Liao, Tzu-Chi (2012)
Ph.D. thesis, University of Birmingham.
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Using social constructionist approaches this thesis aims to explore the perceptions/expectations/experiences of father-daughter relations in Taiwanese immigrant families living in Britain. Six Taiwanese father-daughter pairs formed the sample. Semi-structered interviews were the main method used to collect information about the participants' perceptions/understandings/experiences. The data was subject to qualitative content analysis which revealed three key findings. These were:
1. Taiwanese immigrant fathers experiences tensions in the process of fathering their daughters to be indeoendent and pursue success in their careers. But deeply held traditional views on monitoring/protecting their daughters led them display behaviours that suggested a desire to control them. These 'mixed messages' created tensions in father-daughter relationships.
2. British-Taiwanese daughters' constructions of daughterhood produced tensions too:their experiences were akin to those of the majority of young women living in western societies who delay motherhood and pursue success at work. However, traditional expectations of daughters to prioritise family responsibilities and show obedience to their parents sets up conflicts both on father-daughter relations and their own personal choices.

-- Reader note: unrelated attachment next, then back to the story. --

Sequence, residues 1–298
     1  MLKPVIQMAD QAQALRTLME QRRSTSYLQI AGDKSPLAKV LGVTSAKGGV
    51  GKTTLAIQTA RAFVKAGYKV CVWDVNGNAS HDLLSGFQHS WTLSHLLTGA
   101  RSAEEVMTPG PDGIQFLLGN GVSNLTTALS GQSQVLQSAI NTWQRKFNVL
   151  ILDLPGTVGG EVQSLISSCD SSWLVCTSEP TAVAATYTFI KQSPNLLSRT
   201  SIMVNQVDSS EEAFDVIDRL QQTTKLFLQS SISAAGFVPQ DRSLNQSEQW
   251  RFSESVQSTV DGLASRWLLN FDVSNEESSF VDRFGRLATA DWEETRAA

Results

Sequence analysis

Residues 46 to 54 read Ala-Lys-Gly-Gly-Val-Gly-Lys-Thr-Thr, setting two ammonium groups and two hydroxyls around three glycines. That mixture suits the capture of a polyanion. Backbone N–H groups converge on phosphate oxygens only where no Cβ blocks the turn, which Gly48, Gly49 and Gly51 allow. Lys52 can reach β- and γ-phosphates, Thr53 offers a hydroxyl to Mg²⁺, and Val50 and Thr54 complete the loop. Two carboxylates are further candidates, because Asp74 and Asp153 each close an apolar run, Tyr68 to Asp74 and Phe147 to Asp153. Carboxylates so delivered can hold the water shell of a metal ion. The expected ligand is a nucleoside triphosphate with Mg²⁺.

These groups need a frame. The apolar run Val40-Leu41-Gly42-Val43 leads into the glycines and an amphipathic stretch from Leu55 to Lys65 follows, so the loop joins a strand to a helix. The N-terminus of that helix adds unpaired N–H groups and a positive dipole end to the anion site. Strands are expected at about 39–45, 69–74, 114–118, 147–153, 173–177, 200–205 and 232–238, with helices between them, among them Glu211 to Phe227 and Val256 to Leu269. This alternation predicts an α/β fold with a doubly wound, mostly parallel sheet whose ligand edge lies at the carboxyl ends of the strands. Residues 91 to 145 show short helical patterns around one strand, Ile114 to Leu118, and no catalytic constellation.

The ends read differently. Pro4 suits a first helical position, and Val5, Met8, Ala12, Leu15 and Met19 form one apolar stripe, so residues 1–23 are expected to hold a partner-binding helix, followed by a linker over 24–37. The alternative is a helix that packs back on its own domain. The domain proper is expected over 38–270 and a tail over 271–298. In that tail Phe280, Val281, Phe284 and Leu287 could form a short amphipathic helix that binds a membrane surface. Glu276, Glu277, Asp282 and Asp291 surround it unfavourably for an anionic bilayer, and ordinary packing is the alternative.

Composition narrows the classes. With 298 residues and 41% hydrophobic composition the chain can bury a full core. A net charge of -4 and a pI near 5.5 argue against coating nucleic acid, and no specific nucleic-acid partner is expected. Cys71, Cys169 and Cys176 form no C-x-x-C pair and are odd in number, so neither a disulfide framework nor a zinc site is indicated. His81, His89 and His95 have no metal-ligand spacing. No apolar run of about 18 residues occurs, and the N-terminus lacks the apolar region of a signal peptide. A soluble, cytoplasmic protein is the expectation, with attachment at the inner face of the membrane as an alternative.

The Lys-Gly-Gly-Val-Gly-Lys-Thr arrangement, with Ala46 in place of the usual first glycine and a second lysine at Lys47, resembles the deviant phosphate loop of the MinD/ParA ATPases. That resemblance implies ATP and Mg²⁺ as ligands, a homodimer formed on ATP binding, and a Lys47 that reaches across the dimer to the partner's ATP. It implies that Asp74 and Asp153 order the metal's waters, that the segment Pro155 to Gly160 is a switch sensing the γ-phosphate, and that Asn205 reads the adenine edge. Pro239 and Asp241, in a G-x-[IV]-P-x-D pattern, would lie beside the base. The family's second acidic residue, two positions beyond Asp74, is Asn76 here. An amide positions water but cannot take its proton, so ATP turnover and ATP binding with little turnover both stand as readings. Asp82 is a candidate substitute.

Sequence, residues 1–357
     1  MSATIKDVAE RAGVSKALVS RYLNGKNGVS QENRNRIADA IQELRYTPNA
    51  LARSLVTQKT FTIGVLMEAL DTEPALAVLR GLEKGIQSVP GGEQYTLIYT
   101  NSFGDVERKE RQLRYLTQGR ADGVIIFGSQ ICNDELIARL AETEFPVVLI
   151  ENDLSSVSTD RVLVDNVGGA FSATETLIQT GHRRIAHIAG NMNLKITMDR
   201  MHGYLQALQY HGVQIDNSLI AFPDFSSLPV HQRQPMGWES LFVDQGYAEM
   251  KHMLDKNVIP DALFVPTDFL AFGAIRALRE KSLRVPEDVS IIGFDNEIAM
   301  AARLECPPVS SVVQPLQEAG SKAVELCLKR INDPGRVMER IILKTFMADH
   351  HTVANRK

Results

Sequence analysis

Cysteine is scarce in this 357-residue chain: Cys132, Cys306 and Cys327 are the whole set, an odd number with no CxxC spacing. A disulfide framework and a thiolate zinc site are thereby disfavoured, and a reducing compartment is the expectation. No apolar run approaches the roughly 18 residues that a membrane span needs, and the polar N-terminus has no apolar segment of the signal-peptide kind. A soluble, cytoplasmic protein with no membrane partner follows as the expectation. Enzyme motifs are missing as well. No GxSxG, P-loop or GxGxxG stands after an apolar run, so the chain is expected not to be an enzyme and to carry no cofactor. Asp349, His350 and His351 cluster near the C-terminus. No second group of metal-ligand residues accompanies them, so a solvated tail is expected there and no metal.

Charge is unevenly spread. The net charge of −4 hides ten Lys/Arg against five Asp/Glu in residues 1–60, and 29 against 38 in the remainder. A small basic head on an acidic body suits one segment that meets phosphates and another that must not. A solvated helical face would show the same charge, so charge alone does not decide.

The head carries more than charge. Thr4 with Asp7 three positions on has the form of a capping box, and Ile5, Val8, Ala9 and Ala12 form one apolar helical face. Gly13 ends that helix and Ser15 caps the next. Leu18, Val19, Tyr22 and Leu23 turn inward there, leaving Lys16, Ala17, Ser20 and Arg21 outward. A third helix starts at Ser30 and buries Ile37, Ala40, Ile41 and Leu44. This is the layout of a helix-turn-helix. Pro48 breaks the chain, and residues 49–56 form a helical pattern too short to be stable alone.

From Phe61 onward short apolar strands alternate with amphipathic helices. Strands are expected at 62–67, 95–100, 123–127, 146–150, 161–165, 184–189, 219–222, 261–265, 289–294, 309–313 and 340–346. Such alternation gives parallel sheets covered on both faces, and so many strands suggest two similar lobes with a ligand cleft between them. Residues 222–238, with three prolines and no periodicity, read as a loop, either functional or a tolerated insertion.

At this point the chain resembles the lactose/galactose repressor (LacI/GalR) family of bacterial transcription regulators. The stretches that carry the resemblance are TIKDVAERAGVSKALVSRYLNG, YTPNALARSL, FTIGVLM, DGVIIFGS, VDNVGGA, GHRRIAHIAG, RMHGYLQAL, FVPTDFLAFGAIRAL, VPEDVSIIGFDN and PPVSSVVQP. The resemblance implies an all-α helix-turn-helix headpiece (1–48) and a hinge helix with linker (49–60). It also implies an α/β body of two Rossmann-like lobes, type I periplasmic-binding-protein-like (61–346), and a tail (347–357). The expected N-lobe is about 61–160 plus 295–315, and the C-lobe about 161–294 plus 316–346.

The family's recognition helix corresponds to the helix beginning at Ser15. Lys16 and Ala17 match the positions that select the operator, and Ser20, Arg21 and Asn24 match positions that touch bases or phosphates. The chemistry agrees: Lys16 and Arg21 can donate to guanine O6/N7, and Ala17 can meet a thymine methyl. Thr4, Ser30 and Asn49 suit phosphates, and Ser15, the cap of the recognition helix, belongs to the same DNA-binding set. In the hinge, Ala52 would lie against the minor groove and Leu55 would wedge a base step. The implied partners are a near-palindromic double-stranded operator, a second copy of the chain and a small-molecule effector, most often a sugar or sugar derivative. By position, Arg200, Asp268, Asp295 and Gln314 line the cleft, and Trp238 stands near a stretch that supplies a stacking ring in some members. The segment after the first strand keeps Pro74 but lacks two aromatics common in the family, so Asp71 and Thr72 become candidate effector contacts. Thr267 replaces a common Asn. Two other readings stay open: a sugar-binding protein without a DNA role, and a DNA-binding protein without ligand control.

3.Father-daughter relationships in Taiwanese immigrant families living in Britain are one where the expectation and practices of conventional fathers and daughters marks relationships daughters' life stages.
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